What is the role of social science in social justice activism? The Real Eau-topias Project adapts Erik Olin Wright’s “real utopias” framework to an ongoing collaborative research project on the lived experience of the moral values of equity, diversity, and inclusion (EDI) in the college campus context. Undergraduate researchers conducted focus group interviews with students to measure their lived experiences and cultural meanings: they ask what “equity,” “diversity,” and “inclusivity” mean to them, and they ask about the positive experiences they have had on campus to learn what students’ ideal higher education experiences would be like. By putting the discussion of EDI in the context of both criticism and positive experiences, we gain insight into the group’s shared cultural ideals and what sorts of practical changes or reforms could be made on campus. In this presentation, three student researchers provide brief overviews of their results that focus on the topics of safe spaces for LGBTQIA+ students, the way education and privilege impact student perception and consumption of the arts, and mental health on campus.

  • Ellen Mahaffy (She/Her/Hers), Associate Professor, Communication & Journalism, UW-Eau Claire
  • Peter Hart-Brinson (He/Him/His), Professor, UW-Eau Claire
  • Grace Huftel (She/Her/Hers), Undergraduate Student, UW-Eau Claire
  • Anna Accolla (She/Her/Hers), Undergraduate Student, UW-Eau Claire
  • Clara Neupert (She/Her/Hers), Undergraduate Student, UW-Eau Claire

5D: Pyle TBA~Challenging Approaches to Sexual Assault in Institutional Spaces

Sexual Abuse in Collegiate Athletics: Hegemonic Masculinity and Institutional Failures

The #MeToo movement has brought unprecedented attention to sexual victimization in a variety of institutions, including sport. Specifically, we look at the impact of hegemonic masculinity and an accommodating organizational culture on college campuses. The case studies of Penn State University and Michigan State University provide vivid illustrations of how the campus climate protected and abetted both Jerry Sandusky and Larry Nassar in their abuse of children and adolescents. If athletic departments are allowed to operate in relative isolation to the larger academic mission of the campus, then cases of sexual abuse are likely to continue. In addition, the federal government is failing in its compliance roles by not reauthorizing the Violence Against Women Act (VAWA), which includes important extensions and modifications of the Clery Act, and considering substantial changes to how Title IX adjudicates sexual assault allegations. While the #MeToo movement has the potential to galvanize funding for sexual abuse prevention, its success depends on transforming institutional cultures.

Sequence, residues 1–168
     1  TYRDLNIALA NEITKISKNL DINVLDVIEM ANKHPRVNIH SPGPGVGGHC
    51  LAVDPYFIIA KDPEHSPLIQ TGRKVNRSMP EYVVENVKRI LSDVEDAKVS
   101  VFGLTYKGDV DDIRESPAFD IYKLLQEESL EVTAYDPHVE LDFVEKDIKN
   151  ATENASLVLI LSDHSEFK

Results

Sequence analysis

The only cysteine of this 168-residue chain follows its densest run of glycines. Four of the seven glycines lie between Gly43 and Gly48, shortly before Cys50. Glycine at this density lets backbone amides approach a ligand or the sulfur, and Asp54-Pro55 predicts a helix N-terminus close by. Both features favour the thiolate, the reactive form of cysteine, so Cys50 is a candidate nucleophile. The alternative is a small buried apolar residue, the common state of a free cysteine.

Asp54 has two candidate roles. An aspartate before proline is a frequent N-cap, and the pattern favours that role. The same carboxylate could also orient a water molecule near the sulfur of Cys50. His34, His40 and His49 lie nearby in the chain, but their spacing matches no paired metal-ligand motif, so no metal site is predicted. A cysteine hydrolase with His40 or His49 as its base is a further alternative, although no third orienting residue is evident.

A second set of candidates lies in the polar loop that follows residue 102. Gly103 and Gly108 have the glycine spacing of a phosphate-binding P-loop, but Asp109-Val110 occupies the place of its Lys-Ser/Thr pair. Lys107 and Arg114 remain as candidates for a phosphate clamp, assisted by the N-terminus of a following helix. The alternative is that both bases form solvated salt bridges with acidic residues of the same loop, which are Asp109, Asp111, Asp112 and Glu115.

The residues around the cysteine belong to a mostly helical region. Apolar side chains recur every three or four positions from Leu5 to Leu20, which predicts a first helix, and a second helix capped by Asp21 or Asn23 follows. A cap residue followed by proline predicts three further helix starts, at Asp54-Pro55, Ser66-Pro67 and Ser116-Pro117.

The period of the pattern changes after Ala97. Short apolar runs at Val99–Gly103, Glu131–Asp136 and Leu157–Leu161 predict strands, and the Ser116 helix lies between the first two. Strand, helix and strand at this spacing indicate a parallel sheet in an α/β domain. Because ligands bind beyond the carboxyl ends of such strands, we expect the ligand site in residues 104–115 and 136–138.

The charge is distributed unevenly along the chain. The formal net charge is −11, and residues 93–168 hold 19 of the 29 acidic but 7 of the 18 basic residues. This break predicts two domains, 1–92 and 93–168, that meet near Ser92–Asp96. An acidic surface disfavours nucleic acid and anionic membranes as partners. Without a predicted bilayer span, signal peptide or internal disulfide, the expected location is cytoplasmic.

• Pamela J. Forman, Professor, Sociology, UW-Eau Claire

This paper is authored by Pamela J. Forman, Anne M. Nurse, and Amelia D. Montie

Clery Timely Warning Notices as a Sexual Assault Prevention Tool

According to the Bureau of Justice Statistics, one in five female students experienced attempted or completed sexual assault by her fourth year of college. The Clery Act was created to provide further transparency around campus safety, including sexual assault. While all universities are mandated to follow the Act, the legislation does not provide guidance on what language universities should employ, how much leeway an institution has in determining if a sexual assault represents an immediate public safety threat, or recommended best practices for timely warning notices. The need for guidance is evident. Victim blaming, racial/ethnic stereotypes and LGBTQ+ inclusivity can all be implied through the nature of recommendations that colleges offer. Language matters, especially when timely warnings are one of the few forms of urgent communication a university sends to everyone affiliated with their institution. We provide recommendations for next steps in utilizing timely warnings as a sexual assault prevention tool.

  • Sandra Sulzer (She/Her/Hers), Assistant Professor, Kinesiology & Health Science, Utah State University
  • Shantoia Jones, Xavier University of Louisiana
  • Tia Smith, Xavier University of Louisiana
  • Amanda DeRito, Utah State University
  • Joanna Kimmitt, California State University-Dominguez Hills
  • Maya Miyairi, Utah State University

5E: Pyle TBA~Interrupting Ableism Across Space and Ways of Being